A psychologist reluctantly takes on a child patient whose parents died when the three of them were in a car accident. The girl has become somewhat disassociated, and the question becomes ... See full summary »

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Faith Hardy
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Mason
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...
Mrs. Carr
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Yanna McIntosh ...
Naketha
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Amanda Charles
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Edward
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Sofia
Elva Mai Hoover ...
Margaret
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Mr. Cross
Halie Zastre ...
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Paul Rawson
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A psychologist reluctantly takes on a child patient whose parents died when the three of them were in a car accident. The girl has become somewhat disassociated, and the question becomes whether she's just "off" or if she's actually being haunted by a ghost. Written by Kevin Commins

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A psychologist reluctantly takes on a child patient whose parents died when the three of them were in a car accident. The girl has become somewhat disassociated, and the question becomes whether she's just "off" or if she's actually being haunted by a ghost.


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3 March 2007 (USA)  »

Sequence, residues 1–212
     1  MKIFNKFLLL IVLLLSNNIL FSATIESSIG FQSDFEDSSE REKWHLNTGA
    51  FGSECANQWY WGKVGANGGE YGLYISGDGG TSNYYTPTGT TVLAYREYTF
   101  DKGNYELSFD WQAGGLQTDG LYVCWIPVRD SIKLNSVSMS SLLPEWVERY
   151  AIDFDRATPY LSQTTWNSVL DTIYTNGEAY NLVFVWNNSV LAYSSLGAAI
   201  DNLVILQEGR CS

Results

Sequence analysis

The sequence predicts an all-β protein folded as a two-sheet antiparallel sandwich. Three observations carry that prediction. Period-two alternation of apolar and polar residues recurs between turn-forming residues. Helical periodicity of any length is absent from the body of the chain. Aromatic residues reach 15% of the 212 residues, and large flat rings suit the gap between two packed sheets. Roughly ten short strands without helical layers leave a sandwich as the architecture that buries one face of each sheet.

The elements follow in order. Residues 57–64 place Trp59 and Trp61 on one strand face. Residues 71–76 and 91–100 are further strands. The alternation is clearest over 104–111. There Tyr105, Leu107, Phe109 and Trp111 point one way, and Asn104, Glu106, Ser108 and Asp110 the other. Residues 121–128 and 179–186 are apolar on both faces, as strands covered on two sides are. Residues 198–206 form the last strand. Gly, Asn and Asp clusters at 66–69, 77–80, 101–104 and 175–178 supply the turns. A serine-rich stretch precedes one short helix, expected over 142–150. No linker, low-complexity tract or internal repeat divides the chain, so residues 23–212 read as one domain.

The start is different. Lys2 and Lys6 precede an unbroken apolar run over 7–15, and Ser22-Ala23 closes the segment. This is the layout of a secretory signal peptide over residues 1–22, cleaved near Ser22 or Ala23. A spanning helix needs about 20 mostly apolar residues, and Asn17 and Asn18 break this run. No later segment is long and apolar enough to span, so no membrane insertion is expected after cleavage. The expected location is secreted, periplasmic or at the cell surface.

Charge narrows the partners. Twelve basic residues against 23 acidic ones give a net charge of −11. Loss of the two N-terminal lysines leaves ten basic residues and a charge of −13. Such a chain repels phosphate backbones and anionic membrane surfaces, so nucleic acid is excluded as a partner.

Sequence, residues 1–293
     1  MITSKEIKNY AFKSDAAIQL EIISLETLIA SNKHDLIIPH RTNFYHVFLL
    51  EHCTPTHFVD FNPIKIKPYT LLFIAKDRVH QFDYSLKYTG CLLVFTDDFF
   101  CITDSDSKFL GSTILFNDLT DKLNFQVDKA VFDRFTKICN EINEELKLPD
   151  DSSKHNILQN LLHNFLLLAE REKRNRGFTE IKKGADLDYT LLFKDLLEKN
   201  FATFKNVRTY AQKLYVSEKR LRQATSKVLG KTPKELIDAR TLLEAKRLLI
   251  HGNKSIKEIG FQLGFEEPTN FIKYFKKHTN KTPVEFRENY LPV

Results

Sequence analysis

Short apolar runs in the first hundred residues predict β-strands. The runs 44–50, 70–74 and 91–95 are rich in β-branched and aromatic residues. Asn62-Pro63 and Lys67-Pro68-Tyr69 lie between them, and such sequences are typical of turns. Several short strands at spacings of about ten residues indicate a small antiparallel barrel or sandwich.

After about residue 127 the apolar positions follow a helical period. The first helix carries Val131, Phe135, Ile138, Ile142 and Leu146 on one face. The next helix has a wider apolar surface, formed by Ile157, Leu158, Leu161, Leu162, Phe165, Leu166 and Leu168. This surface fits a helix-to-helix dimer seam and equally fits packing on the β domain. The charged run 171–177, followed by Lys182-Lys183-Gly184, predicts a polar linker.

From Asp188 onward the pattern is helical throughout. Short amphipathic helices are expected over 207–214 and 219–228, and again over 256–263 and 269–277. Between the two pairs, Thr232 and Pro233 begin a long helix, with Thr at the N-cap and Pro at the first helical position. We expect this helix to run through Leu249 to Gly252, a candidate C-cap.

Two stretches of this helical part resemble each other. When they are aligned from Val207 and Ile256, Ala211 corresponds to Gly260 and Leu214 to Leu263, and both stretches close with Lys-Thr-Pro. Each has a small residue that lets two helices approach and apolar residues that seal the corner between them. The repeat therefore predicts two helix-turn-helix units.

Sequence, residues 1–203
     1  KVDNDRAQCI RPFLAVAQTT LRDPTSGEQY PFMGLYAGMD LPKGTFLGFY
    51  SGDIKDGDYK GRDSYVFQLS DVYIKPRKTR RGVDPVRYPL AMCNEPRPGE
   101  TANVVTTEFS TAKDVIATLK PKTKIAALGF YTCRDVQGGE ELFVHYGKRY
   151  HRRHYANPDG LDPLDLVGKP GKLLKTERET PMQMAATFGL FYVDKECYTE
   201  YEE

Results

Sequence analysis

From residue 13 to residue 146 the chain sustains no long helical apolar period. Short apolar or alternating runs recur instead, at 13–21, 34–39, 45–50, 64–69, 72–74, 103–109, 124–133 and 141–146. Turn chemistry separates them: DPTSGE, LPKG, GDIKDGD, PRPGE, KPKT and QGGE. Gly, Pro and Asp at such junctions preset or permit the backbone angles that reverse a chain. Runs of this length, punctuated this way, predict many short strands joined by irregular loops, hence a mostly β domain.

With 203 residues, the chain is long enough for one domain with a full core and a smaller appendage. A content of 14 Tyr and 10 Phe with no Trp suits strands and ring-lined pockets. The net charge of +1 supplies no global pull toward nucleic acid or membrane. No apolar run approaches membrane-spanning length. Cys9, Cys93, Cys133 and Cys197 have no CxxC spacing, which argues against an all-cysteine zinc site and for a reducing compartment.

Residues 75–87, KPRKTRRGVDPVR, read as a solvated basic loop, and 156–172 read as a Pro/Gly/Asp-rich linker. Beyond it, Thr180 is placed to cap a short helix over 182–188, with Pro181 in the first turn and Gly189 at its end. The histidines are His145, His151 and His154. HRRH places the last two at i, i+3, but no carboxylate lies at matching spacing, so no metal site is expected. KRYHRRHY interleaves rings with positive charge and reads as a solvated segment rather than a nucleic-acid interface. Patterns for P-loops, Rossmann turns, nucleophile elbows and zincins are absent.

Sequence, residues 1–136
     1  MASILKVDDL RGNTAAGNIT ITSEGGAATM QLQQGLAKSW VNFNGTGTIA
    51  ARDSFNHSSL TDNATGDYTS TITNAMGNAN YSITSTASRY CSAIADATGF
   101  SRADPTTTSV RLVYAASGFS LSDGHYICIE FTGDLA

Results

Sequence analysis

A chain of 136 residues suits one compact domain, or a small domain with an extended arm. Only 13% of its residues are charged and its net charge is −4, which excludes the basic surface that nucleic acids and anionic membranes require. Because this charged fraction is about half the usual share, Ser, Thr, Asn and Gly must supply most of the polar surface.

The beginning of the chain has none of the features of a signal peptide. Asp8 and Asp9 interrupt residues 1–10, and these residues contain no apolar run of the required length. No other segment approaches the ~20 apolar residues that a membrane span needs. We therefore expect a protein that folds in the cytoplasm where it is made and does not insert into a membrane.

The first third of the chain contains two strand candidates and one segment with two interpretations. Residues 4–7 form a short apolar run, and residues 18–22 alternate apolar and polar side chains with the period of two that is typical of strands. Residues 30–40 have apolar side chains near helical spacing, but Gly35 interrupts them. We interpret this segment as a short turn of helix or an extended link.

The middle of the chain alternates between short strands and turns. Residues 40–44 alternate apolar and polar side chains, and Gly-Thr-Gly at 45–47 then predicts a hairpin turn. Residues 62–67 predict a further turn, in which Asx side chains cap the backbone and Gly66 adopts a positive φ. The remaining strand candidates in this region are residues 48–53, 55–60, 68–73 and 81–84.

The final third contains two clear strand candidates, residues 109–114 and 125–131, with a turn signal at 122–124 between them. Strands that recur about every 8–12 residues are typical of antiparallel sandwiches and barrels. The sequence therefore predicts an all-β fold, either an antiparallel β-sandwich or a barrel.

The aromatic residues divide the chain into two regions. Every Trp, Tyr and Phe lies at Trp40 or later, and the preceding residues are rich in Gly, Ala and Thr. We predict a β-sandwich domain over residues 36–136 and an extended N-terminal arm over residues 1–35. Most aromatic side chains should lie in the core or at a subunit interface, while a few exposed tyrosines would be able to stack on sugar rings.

Also Known As:

Uninvited  »

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One of the vehicles used in a car crash in this show was also used in a crash in the mini-series "Would Be Kings". See more »

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User Reviews

Decent but unspectacular
19 August 2010 | by (Los Angeles, Ca) – See all my reviews

"They Come Back" is a certainly fine Lifetime-style ghost film.

**SPOILERS**

Following a traumatic experience, Mason Charles, (Jonathan Watton) asks psychologist Faith Hardy, (Mia Kirschner) to come watch over his niece Marley Charles, (Niamh Wilson) who has been the subject of a strange phenomena she is quite familiar with. Meeting with her, she agrees to take her on as a patient, where she's revealed to be blamed for a series of supernatural incidents that plague her. As she spends more time together with her, the more she comes to believe that the special incidents are caused by invisible specters that are causing all the accidents and weird events, making the others around her a little skeptical. When they finally believes that she's seeing ghosts, they race to help her understand what she's telling them in order to stop her from seeing them.